Jim Bates

Jim lives in a small town twenty miles west of Minneapolis, Minnesota. His stories and poems have appeared in over two-hundred online and print publications. His short story “Aliens” has been nominated by The Zodiac Press for the 2020 Pushcart Prize. His collection of short stories Resilience is scheduled to be published in 2020 by Bridge House Publishing and Short Stuff a collection of his flash fiction and drabbles, will be published by Chapeltown books in 2021. All of his stories can be found on his blog: www.theviewfromlonglake.wordpress.com.

The Bridge

Norman smiled as he stood on the bridge. He loved the light breeze blowing through his thinning hair. He loved hearing the rapids of St. Anthony Falls thundering one-hundred feet below him. He loved the first rays of the sunrise warming his face as it rose above the buildings of downtown Minneapolis. He loved it all, especially the feeling of being free of the group home he’d been living in for the last two years of his life.

            Held prisoner was more like it in his mind. After he’d lost his wife and son and daughter to a head on collision with a drunk driver on interstate 35W, he’d gone into a deep depression. He was diagnosed with severe post-traumatic stress disorder and sent to the West River Road Group Home just south of downtown Minneapolis where he was put under the care of a kind and understanding psychiatrist whose kindness and understanding had been unable to make much of a dent in healing the broken-hearted man. Nevertheless, Norman found a way to integrate into the daily life of the home. He had his own room, three healthy meals a day, group activities, medication for depression and group and individual counseling sessions, all under the watchful eyes of three orderlies Norman referred to as Huey, Dewey and Louie. Most importantly, he had the ashes of his family in an simple brass urn placed prominently on this dresser.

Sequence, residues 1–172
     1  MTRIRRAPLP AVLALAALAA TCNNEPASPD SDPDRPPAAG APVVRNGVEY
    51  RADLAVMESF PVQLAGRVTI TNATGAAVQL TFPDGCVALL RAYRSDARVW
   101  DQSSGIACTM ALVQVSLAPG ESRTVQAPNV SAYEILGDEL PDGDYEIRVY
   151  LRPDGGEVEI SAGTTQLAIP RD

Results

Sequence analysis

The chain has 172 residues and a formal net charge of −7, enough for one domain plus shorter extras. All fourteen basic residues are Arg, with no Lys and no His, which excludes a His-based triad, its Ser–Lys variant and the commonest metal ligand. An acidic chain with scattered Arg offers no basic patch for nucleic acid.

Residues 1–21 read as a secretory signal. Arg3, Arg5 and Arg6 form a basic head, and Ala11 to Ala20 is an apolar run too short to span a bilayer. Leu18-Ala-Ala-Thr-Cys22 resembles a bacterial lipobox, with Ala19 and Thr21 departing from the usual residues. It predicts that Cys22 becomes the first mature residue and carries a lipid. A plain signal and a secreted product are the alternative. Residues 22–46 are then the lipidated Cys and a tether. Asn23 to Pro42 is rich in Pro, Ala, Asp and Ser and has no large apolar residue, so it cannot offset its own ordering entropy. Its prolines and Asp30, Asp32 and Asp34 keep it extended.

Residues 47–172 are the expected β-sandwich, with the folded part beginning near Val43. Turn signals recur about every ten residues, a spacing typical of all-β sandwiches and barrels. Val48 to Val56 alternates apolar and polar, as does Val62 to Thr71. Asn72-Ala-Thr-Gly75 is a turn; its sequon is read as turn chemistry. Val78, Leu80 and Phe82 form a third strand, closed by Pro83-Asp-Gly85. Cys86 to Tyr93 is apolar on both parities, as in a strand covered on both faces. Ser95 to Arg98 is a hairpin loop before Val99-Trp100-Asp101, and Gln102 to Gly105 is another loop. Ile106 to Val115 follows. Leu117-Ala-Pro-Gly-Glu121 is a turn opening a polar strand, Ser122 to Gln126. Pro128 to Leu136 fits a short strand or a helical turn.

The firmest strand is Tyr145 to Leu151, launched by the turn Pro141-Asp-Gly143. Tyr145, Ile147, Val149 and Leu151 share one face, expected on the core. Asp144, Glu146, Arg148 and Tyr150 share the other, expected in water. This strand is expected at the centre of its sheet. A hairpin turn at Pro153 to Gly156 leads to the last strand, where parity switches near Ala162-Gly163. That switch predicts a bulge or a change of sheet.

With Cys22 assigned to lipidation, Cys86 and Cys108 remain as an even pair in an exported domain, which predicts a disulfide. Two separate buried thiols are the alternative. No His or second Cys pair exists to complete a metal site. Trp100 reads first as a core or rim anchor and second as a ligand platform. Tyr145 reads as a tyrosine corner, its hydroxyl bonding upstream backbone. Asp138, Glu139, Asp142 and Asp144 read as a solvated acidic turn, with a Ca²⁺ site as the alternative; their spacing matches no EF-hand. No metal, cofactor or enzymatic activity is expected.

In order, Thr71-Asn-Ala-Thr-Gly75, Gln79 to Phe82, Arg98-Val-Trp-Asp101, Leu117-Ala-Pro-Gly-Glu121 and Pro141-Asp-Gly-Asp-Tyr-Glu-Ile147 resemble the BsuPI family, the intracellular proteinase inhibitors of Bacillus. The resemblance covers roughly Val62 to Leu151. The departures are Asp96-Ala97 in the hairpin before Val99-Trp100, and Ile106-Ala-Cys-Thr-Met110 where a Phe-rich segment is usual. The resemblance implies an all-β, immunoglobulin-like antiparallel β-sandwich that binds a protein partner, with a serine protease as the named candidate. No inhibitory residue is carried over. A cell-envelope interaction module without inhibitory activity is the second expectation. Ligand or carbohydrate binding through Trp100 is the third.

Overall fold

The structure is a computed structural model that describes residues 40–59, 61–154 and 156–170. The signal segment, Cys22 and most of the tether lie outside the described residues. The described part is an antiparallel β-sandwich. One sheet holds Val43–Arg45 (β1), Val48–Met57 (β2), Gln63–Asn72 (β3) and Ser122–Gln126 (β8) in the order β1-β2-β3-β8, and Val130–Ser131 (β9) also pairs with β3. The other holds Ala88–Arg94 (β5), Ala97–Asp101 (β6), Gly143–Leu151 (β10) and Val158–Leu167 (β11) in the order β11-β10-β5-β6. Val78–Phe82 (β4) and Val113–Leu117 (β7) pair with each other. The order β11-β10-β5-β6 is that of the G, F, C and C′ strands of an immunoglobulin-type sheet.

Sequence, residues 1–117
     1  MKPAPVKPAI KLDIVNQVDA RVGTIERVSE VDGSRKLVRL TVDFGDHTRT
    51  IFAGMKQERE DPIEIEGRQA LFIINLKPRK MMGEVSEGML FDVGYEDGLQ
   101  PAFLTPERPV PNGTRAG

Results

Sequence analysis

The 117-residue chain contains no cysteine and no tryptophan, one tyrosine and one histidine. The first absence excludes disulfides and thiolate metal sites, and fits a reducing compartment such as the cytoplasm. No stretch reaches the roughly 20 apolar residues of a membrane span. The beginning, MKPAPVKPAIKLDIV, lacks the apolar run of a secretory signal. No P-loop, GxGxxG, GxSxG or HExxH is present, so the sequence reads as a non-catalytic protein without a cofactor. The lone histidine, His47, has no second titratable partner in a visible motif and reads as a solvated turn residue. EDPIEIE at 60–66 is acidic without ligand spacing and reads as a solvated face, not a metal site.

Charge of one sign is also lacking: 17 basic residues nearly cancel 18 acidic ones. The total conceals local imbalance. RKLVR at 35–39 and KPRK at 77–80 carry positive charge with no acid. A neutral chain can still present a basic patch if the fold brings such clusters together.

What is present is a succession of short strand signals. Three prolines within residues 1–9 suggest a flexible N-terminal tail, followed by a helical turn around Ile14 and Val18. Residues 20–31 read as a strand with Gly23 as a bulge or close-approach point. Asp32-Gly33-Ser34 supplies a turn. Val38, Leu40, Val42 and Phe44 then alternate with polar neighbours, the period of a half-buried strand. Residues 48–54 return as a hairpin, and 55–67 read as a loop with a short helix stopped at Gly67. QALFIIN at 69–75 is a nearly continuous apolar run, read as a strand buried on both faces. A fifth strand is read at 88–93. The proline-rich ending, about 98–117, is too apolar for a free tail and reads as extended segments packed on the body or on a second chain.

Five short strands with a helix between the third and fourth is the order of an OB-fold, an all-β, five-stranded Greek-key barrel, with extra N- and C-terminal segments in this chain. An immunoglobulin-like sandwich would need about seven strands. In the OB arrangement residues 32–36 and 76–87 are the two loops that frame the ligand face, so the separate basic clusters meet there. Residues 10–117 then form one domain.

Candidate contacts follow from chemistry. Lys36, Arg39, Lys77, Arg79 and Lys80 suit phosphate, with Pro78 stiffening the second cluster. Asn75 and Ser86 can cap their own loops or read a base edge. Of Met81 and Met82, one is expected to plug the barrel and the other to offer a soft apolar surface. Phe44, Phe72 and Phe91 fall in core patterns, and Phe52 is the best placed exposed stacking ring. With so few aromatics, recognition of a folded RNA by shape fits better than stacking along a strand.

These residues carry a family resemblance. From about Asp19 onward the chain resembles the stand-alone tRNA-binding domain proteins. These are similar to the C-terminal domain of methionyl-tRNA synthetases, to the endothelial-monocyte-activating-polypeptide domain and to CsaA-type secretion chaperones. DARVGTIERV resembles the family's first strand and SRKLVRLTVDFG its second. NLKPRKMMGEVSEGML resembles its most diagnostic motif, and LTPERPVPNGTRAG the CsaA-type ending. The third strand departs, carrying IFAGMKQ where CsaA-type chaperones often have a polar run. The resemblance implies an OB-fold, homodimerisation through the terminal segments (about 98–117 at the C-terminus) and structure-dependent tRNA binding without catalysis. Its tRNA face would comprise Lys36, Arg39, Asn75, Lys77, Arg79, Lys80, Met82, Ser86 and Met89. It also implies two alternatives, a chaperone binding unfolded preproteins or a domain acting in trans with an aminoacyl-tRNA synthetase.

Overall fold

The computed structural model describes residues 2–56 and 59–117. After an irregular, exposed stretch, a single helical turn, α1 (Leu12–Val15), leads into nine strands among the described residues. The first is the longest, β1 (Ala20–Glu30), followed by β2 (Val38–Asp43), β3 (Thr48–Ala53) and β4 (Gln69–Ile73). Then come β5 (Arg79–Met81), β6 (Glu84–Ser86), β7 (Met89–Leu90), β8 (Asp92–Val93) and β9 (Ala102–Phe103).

On paper, all should have been fine. He was being given a chance to heal and begin living a healthy, happy and productive life. But life wasn’t easily confined to a sheet of paper. The point of the matter was that Norman missed Ann and Ethan and Leslie so much no amount of counseling and therapy and drugs was going to help alleviate the pain he endured in his heart every day.

            He’d tried to escape once, but only got as far as sliding down a steep embankment near the group home to the Mississippi River where he was just about to make a swim for freedom when the speedy Huey, Dewey and Louie had captured him.

            Another time, a few months later, he’d hitched a ride on the back of a sanitation truck only to be discovered by the driver at the next stop half a block down the street and unceremoniously returned. In retrospect, it had not been his best nor most well thought out plan.

            So, Norman decided to try a different approach and passed the winter laying low while waiting for another opportunity to escape. But it was hard. He so badly wanted to see his family again. Sure, he had photographs of vacations and holidays and times of just plain goofing around, and those photos brought back wonderful memories that he cherished. And, of course, he had his treasured brass urn filled with his family’s ashes.

But he wanted more. He wanted to be free to be on his own outside in the natural world so he could connect with his loved ones and be with them the way it used to be. Like it should be. Like he knew they wanted him to be. To join them on some sort of spiritual level, if that’s what it was called, away from the confines of the stifling group home atmosphere. He’d didn’t know exactly how to articulate it; he only knew he needed to try something. He had to see them and be with them again.

            By spring, Ann and the kids had been gone for over two years, and he couldn’t wait any longer. He snuck out in the middle of the night, clutching his urn to his chest, and made his way north along the west river road high above the Mississippi River, hiding in the bushes whenever he spotted an approaching car or person. Two hours later, without incident, he’d made it to his destination, the Stone Arch Bridge.

            Built by a railroad entrepreneur in the 1880’s, the iconic bridge was a two thousand-foot long structure spanning the Mississippi River connecting downtown Minneapolis on the west side to the warehouse district on the east side. After falling into disrepair during the middle of the twentieth century, the entire area on both banks, bridge included, had under gone a thorough reconstruction and renovation. The distinctive bridge, built on twenty-three arching stone columns, still connected both sides of the waterfront of downtown Minneapolis and the warehouse district, but now it was only used by pedestrians for walking, jogging and bike riding.